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Author Topic: Tire Inflation Sensors - How do they know?
Atlanta Jake
Xboxing Day


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My Ford Windstar has a warning light on the dash board that lights up to warn me whenever one of the tires gets low. I have removed/changed the tires on this vehicle, and find no connection to the wheels except for the standard lug nuts. So could someone please tell me how the car knows when there is an issue with one of the tires?

Is it some sort of comparison between the suspension in all wheels, where deviation in one wheel triggers the light? I don't see how this could work reliably when different terraine could cause any or all of the wheels to bear differing loads.

This is just one of those little things that makes me go Hmmmmm....

Jake

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Posts: 1366 | From: Atlanta, Georgia | Registered: Sep 2001  |  IP: Logged | Report this post to a moderator
TrekkerScout
Deck the Malls


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It's most likely the indirect measuring system that is described by the National Highway and Traffic Safety Administration.

quote:
The indirect measurement systems are designed for use with the anti-lock brake system (ABS) and compare the relative wheel speed of one wheel to another. Wheel speed correlates to tire pressure since the diameter of a tire goes down slightly with low tire pressure.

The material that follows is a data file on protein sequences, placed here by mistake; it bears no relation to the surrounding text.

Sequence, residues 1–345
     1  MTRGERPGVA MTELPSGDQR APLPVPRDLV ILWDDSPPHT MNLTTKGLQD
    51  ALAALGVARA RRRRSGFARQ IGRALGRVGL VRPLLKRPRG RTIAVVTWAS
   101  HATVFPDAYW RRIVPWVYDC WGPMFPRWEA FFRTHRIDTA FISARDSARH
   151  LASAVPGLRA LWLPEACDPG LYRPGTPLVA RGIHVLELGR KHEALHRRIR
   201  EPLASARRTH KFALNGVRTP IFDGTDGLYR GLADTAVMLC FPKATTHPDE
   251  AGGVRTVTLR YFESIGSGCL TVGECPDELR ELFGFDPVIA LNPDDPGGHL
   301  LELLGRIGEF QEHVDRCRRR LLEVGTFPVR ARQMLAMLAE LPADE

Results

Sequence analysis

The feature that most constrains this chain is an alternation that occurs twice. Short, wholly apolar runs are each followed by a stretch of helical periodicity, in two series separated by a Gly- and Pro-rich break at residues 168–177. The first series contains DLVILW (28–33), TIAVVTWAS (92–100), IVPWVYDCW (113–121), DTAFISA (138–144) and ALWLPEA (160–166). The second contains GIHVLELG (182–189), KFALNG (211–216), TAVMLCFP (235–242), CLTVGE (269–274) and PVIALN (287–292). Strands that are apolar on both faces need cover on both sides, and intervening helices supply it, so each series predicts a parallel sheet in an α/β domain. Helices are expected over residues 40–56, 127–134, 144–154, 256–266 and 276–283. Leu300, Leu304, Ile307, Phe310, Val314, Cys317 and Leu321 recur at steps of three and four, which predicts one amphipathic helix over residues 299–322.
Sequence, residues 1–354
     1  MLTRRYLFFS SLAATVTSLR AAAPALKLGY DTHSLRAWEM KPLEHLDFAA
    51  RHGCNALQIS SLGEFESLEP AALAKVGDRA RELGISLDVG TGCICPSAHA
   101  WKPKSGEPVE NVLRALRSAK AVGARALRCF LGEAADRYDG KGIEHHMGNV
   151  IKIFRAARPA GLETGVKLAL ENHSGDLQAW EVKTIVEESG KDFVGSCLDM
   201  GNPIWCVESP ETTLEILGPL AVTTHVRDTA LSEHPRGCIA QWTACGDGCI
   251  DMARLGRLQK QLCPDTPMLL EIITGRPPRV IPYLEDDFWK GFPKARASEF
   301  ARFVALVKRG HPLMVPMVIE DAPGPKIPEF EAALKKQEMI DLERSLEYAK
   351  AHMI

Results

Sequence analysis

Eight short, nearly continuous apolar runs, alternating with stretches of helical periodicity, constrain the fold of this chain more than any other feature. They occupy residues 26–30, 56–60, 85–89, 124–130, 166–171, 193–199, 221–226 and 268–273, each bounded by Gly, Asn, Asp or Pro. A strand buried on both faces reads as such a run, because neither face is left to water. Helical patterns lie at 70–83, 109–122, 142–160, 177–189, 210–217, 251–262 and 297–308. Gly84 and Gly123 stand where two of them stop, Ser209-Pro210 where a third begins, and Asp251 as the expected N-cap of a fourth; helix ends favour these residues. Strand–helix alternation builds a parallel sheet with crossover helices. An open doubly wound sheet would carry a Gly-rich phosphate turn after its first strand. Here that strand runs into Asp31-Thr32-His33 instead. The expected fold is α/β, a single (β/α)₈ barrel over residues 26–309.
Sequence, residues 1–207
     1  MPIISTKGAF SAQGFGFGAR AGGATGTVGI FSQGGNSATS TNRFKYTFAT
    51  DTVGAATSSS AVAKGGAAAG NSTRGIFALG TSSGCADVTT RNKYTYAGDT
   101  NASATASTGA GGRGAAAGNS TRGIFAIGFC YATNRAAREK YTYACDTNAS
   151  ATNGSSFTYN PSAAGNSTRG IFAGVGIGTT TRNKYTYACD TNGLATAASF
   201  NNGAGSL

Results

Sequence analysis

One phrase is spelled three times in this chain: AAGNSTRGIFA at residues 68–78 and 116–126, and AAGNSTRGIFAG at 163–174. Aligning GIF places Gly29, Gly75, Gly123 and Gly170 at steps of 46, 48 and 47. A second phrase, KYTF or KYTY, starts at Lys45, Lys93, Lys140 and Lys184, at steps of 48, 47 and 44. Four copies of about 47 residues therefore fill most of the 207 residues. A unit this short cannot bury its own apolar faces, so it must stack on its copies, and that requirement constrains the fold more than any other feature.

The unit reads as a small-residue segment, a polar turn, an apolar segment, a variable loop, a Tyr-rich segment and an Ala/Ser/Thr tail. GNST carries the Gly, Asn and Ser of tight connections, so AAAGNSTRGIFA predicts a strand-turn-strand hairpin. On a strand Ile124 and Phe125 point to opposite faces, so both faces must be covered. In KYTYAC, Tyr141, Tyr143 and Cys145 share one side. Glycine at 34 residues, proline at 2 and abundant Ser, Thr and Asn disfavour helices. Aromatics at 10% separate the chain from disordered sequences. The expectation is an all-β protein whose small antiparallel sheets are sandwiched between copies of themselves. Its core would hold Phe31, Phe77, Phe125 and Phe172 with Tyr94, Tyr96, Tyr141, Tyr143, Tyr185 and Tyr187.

Posts: 306 | From: Tacoma, WA | Registered: Sep 2005  |  IP: Logged | Report this post to a moderator
Atlanta Jake
Xboxing Day


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Hmmm... 'Tis possible, I suppose.

But I thought that I recalled a time when the light came on when I started the car, but before I had put it in gear (said light not being lit upon parking the car). But to be honest, I don't remember for certain.

Thanks for the link and the info, TrekkerScout! I'll check it out.

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Posts: 1366 | From: Atlanta, Georgia | Registered: Sep 2001  |  IP: Logged | Report this post to a moderator
rwolff
I'm Dreaming of a White Sale


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I saw (in a magazine targeted toward auto mechanics - article about pitfalls of new technology) that it's done through a module in the wheel (tire valve is part of the module). There's a nonreplaceable (most likely lithium) battery in the module (so the module needs to be replaced every 10 years or so), and it communicates with the car's on-board computer via a short-range radio link.

Implications of this: